A Reader’s Digest cover line, “Are We Running Out of Water” caught the eye of Grumpy Editor, who was lured into reading the Joseph K. Vetter byliner.
The headline on the 12-page article (in a 208-page May issue): “Droughts and half-drained reservoirs raise an ominous question: Is America running out of water?” with a subhead, “Another dust bowl?”
Grumpy Editor focused on the second half of the story dealing with the Colorado River system and “running out of water” in the West.
The Colorado River, including Lake Mead and Lake Powell, it pointed out, is fed by melting snow from the Rocky Mountains and is “the main source of water for 30 million people in the Southwest.”
The story goes on to mention one study by scientists estimates “if current climate and water management trends continue, Lake Mead has a 50 percent chance of drying up by 2021.”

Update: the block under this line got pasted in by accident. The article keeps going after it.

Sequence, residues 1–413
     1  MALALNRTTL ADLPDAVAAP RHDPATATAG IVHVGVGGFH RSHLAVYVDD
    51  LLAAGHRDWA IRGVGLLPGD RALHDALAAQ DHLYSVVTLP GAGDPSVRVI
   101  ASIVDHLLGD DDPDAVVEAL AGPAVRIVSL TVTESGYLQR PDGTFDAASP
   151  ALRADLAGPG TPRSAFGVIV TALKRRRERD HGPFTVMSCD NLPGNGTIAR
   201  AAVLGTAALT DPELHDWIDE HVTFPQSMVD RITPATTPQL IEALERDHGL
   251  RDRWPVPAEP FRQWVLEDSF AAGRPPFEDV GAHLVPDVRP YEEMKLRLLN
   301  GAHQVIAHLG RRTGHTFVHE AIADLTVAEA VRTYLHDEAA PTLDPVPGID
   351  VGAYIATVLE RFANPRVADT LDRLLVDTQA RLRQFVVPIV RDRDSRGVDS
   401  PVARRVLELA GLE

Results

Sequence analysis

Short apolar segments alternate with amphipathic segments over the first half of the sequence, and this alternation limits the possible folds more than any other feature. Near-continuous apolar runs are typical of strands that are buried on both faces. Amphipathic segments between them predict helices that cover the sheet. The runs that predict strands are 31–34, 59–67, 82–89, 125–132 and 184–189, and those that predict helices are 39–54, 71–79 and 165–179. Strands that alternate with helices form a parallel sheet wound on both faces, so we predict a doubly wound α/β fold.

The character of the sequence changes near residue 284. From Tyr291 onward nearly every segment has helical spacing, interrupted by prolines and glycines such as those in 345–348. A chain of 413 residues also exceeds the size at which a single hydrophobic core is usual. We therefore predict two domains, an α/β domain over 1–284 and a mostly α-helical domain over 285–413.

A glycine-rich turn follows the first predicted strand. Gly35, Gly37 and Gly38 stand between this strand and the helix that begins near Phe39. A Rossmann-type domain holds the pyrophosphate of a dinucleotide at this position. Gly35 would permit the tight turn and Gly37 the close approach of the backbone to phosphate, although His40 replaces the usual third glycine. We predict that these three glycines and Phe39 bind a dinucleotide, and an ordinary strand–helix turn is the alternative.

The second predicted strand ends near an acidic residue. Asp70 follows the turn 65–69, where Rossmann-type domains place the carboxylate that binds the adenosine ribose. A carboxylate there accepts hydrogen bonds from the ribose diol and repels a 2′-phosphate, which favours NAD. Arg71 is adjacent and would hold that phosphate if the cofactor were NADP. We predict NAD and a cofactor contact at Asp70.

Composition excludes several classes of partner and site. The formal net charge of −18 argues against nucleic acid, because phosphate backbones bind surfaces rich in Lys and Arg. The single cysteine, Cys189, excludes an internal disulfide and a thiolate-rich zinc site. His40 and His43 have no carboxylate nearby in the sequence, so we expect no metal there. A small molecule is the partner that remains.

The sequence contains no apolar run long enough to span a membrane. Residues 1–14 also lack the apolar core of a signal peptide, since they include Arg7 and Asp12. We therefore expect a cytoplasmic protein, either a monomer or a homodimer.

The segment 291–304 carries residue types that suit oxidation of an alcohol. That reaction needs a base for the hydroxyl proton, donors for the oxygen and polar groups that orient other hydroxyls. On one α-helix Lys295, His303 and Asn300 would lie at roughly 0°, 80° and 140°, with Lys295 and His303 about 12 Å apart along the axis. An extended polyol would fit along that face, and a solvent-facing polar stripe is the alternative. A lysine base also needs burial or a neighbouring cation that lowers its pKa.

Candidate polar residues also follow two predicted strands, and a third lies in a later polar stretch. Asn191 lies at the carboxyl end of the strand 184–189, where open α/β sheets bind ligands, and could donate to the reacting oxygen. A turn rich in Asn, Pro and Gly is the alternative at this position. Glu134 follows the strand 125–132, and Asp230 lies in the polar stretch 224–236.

Sounds scary. Imagine brown, dead trees and plants from former green, lush landscaping in Las Vegas, including the vast grounds of world-famous casinos on The Strip, all dependent on water from Lake Mead, created with the construction of Hoover Dam, completed in 1935.
But one vital word missing from the Reader’s Digest article is: Mexico.
Under a 1944 treaty --- which few seem to recall or talk about these “dry” days --- Mexico is guaranteed 1.5 million acre-feet a year or five times more than Nevada’s 300,000-acre feet on releases from Lake Mead. Also dipping into the water source is California with 4.4 million acre-feet and Arizona with 2.8 million acre-feet.
(An acre-foot is the volume of water that would cover one acre to a depth of one foot.)
Back in 1944, strong opposition to the treaty with Mexico came in a 21-page typewritten statement from the Colorado River Board of California. Its feeling was summarized on the opening page: “Unwarranted generosity to Mexico, at the expense of American communities, is neither just to the latter, nor conducive to harmony among the peoples on both sides of the border.”
The Board, with foresight, also questioned denying “water to American communities, in cycles of dry years, such as have occurred and will recur, in order to supply Mexican lands.”